Herring otoliths from the Georges Bank and Gulf of Maine region exhibit a prominent hyaline core area immediately surrounding the nucleus, the outer edge of which is interpreted as the first annulus if hyaline zones are counted as annuli (Hunt et al. 1973) (Fig. 1). This zone is typically overgrown with calcium on the otoliths of older fish. Backcalculation results in an average fish size of 4-5 cm when this zone is completely formed (Dery, unpubl. data). Bigelow and Schroeder (1953) and Boyar et al. (1973) found that herring in this size range occur in the Gulf of Maine during the spring months. Therefore, the hyaline core area is formed over a period of approximately 6 months, assuming that herring are spawned during early autumn. Few, if any, otoliths of herring from the Gulf of Maine or Georges Bank exhibit a tiny hyaline core area surrounded by opaque material that would indicate that they were spring-spawned fish. Scattergood (1952) and Bigelow and Schroeder (1953) reported no evidence of spring spawners in the Gulf of Maine area in the early 1950's; subsequent reports and observations tend to support the continuance of this pattern (Watson 1964, Anthony and Waring 1980, Kornfield et al. 1982).
The hyaline annulus on the otoliths of age-2 fish and older generally begins to form in October and is completed by the following March or April (Messieh 1974, Dery and Chenoweth 1979) (Fig. 2). However, opaque edge may persist on otoliths of age-5 fish or older in the late autumn months (Fig. 3) and may resume later in the spring relative to younger fish (Fig. 4). By convention, a 1 January birthdate is used; the hyaline zone forming on the edge of the otolith is interpreted as an annulus whether or not it is complete. Time of annulus formation can vary in some years, however. The formation of opaque edge during winter has been characteristic of several year classes (Dery and Chenoweth 1979). Checks can also cause confusion with edge interpretation. Therefore, correct evaluation of the type of edge formed on the otolith, and its meaning in terms of the growth of the fish, is an important aspect of herring age interpretation.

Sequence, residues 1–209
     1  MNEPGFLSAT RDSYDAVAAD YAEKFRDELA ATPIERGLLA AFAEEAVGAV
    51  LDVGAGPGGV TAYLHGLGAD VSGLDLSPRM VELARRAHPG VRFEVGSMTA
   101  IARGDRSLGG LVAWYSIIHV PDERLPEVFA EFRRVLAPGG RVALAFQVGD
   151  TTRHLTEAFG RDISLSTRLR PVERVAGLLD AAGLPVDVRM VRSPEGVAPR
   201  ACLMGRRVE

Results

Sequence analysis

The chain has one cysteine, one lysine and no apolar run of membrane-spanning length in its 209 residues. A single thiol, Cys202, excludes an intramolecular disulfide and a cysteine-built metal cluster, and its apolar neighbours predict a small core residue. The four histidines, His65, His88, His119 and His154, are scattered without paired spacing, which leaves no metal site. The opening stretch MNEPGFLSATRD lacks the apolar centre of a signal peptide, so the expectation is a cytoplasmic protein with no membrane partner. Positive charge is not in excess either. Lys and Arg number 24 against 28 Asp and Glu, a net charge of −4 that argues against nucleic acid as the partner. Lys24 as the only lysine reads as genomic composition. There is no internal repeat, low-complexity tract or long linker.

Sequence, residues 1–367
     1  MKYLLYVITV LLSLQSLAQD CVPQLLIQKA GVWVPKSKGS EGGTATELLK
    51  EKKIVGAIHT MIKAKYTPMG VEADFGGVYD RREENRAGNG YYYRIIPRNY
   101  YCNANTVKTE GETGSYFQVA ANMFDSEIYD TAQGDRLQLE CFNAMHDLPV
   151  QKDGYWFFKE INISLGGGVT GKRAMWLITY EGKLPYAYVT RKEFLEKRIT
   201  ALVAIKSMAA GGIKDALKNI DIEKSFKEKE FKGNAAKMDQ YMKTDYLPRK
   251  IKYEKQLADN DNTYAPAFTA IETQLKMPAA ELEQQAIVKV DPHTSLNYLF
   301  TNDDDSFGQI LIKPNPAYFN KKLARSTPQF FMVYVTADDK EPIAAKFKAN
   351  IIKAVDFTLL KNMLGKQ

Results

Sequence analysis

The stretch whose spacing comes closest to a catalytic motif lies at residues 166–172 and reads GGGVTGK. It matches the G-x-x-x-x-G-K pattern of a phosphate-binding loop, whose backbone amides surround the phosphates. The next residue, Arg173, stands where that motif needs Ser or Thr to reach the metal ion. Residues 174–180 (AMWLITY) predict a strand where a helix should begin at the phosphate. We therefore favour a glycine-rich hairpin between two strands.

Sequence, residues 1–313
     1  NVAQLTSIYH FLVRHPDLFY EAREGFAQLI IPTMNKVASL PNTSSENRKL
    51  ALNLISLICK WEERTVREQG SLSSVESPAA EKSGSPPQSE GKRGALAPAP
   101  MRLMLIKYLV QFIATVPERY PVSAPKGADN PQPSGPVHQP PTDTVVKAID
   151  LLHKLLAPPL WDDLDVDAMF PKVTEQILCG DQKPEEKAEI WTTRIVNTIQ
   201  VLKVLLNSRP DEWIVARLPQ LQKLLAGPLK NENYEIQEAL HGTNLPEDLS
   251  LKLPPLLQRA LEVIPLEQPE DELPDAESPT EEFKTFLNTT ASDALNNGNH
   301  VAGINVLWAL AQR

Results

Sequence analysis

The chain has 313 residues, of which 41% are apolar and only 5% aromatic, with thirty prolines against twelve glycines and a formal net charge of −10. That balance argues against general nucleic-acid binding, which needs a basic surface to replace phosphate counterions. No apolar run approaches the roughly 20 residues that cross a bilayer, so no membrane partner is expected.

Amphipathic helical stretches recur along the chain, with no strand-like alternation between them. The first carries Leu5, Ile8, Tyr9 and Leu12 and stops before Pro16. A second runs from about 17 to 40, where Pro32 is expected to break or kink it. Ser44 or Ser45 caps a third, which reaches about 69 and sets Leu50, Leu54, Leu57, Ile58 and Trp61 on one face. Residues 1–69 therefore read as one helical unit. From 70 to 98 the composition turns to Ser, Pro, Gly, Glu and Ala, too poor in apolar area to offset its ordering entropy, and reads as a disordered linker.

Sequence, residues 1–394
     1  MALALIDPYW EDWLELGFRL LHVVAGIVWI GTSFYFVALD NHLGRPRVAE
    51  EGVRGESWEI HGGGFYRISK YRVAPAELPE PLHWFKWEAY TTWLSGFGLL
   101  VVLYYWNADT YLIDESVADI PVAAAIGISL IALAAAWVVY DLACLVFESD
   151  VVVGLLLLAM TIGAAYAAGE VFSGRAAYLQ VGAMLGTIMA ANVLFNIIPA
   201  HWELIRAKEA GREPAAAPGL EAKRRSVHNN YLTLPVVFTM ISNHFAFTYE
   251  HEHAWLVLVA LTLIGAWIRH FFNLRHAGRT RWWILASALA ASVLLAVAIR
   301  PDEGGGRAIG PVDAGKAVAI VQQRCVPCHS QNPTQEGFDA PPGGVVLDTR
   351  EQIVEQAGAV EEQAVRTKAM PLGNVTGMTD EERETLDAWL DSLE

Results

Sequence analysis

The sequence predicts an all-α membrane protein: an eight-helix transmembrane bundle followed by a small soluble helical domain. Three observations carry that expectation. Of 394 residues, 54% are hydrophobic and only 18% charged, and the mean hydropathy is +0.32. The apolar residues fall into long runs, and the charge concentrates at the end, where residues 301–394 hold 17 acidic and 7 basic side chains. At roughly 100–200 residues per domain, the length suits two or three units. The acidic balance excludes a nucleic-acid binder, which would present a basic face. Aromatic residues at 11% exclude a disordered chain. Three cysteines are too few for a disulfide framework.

False annuli, formed during the first summer of the first full year of growth, are typical anomalies encountered on herring otoliths and may be especially characteristic of particular year-classes. Normally, false annuli are weak or incompletely formed hyaline zones, and because of their proximity to the nucleus, are not readily confused with the second annulus (Fig. 5). However, false annuli may occasionally appear as strong, continuous zones often associated with a wide summer growth increment (Fig. 1). These zones can be readily confused with annuli, and therefore the resulting age interpretation should be compared with that of fish of similar sizes.